For people who suffer from chronic pain, the daily business of life can be daunting. Just getting out of bed or reaching up to open the kitchen cupboard can be excruciating. It can be exhausting to have a conversation or to simply walk across the room. The physical demands of caregiving are difficult enough, but the emotional strain of watching a loved one struggle can be painful and overwhelming. As important as it is to manage medications and see to daily comforts, caregivers should also be aware of managing any anger and anxiety they may feel as they care for their loved one.
Anger & Anxiety: Finding the Source
While anxiety and anger can be related, they are distinct emotions. It’s important for caregivers to know that there are real and legitimate reasons for both. They can creep in for many reasons, and may be unexpected. When left unaddressed, these emotions can be dangerous both to the person in pain and the caregiver.
Anxiety can come from the constant worry for a love done, from feeling out of control or from a fear of the unknown. It can arise from speciﬁc events, such as the frustration of watching a loved one move maddeningly slowly, or from a sense of loss and unfairness as pain seems to rob both the caregiver and the person in pain of their previous lifestyle.
The ﬁrst step to managing either emotion is zeroing in on speciﬁc causes. A caregiver can then make an effort to avoid stressful situations or at least begin to under-stand the triggers and put them in perspective.
Once the emotions are better understood, caregivers can take action to mitigate them. Simply getting some exercise and taking occasional breaks can help. Talking, prayer, meditation or journaling can often help sort and sooth confusing emotions. A more structured experience, such as talking to a professional, can help develop coping skills and bring comfort.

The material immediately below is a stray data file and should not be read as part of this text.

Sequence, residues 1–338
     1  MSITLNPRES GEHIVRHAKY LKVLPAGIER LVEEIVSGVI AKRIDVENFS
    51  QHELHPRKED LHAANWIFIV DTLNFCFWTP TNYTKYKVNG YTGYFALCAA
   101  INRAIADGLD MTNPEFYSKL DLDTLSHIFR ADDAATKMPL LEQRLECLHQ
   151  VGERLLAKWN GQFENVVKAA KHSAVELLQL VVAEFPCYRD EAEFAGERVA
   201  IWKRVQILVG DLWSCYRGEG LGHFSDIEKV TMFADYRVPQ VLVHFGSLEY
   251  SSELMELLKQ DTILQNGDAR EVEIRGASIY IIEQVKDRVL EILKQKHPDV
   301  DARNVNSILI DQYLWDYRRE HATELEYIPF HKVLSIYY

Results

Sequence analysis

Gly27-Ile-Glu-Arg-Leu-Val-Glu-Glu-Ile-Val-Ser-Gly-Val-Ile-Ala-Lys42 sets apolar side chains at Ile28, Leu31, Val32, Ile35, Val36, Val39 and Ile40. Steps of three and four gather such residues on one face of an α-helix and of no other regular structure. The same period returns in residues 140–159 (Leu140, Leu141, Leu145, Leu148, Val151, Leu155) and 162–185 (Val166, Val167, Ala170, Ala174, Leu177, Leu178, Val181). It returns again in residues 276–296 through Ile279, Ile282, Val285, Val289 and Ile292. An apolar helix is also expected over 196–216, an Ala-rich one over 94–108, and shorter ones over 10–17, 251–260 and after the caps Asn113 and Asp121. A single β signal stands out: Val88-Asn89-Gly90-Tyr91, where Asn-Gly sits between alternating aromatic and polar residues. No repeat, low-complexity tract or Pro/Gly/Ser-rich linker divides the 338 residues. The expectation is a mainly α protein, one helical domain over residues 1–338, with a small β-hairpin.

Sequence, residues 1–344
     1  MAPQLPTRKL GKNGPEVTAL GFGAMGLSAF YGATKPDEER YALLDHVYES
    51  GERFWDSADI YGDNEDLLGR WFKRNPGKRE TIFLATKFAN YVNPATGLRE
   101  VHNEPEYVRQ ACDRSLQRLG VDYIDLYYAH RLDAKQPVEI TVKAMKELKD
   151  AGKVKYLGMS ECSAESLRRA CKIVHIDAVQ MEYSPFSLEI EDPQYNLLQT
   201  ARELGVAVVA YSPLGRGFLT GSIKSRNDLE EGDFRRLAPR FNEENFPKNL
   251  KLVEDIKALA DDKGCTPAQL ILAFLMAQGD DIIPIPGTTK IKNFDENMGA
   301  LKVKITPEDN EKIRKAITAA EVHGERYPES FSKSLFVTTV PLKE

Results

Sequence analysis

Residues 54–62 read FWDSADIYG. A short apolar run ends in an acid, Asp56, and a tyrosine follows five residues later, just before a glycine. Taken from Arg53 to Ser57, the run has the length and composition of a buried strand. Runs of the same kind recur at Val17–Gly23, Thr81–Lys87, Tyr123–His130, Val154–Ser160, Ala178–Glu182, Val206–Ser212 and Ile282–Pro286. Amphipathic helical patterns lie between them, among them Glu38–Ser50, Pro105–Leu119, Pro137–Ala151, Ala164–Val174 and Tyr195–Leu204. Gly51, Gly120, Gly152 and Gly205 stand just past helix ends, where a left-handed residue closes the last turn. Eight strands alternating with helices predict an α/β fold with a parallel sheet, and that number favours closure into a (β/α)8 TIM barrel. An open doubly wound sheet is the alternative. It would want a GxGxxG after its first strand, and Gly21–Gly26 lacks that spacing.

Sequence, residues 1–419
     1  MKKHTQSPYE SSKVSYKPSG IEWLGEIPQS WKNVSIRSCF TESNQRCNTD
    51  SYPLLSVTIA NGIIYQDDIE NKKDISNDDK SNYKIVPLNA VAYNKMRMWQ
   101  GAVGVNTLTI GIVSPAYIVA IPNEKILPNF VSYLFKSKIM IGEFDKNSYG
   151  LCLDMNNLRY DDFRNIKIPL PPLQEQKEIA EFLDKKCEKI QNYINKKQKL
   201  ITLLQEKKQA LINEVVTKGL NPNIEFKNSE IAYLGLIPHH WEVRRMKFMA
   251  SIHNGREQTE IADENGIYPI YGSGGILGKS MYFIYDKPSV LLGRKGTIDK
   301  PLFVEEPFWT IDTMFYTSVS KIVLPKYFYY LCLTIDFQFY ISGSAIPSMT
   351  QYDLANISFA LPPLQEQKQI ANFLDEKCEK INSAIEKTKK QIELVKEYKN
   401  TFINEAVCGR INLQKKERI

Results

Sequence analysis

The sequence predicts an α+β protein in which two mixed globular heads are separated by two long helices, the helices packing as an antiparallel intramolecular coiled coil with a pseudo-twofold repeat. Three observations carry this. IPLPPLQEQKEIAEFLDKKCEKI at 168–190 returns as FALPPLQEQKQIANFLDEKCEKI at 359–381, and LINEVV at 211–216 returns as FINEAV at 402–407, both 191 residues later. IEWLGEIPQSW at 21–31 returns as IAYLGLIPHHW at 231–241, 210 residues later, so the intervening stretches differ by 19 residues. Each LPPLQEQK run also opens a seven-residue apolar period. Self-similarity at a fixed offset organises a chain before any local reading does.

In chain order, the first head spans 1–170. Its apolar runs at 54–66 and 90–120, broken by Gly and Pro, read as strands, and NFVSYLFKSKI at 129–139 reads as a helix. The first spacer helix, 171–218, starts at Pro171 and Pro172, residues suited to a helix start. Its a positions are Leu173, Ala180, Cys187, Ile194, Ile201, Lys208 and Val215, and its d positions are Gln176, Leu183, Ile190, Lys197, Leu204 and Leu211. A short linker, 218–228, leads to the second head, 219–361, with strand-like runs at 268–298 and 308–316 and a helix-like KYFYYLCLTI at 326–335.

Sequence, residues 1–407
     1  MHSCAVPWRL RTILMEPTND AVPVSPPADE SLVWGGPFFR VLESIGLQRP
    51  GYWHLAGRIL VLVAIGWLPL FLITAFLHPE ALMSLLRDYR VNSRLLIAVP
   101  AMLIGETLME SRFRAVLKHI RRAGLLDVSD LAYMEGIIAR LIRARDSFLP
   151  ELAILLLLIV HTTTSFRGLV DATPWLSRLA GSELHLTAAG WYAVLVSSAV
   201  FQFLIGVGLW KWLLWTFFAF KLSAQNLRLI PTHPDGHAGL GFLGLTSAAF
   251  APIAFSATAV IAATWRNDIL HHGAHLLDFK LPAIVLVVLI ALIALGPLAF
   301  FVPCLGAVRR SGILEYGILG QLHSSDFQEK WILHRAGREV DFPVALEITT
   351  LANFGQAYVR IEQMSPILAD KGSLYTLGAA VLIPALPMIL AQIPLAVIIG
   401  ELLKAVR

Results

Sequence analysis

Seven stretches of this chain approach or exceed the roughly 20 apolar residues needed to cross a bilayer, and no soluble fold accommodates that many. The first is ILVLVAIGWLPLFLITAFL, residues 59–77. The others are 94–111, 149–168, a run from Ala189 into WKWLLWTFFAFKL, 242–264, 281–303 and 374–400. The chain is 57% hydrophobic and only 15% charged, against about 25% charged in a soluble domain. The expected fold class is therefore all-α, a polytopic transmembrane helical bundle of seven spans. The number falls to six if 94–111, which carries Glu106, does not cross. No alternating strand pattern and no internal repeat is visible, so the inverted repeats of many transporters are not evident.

Exploring Solutions to Anger
It may sound simple and obvious, but one of the toughest challenges for caregivers can be to avoid lashing out. Putting themselves in the other’s shoes can help adjust perspective and emotion. Similarly, whenever possible, caregivers should remove themselves from situations that are causing anger. Often a short “time out” can help a caregiver view a situation with more distance and objectivity.
However, such short-term answers may not entirely solve the problem. Caregivers of those who are in chronic pain are faced every day with complicated and frustrating situations that do not necessarily lend themselves to quick ﬁxes.
It is true that anger can be a motivator in positive ways by spurring a caregiver to rectify difﬁcult or troubling situations. However, left unchecked and uncontrolled—or even worse, pent up—for too long, anger can be debilitating and dangerous, certainly to the caregiver and potentially to the caregiver’s loved one.
In such situations where a caregiver is experiencing constant or unfocused anger, consulting a mental health professional is strongly advised. Before the situation reaches that point, however, there are things a family caregiver can do to cope with the emotional stress, anger and anxiety when caring for someone in chronic pain.
As mentioned, coping does not have to be a solitary undertaking. Caregivers can seek out support groups, healthcare professionals or get assistance with the physical needs their loved one requires. There are abundant resources for caregivers. The key is not to let anxiety, anger or other emotions cut the caregiver off from help. Being open to new opportunities and being ﬂexible are critical.
Look for local or online support groups, such as the Caregiver Action Network (CAN), or local or online resources such as the Resource Guide on page 62 of this issue to get started. Assistance is available for those who invest in finding it.
PainPathways is the first, only and ultimate pain magazine. First published in spring 2008, PainPathways is the culmination of the vision of Richard L. Rauck, MD, to provide a shared resource for people living with and caring for others in pain. This quarterly resource not only provides in-depth information on current treatments, therapies and research studies but also connects people who live with pain, both personally and professionally.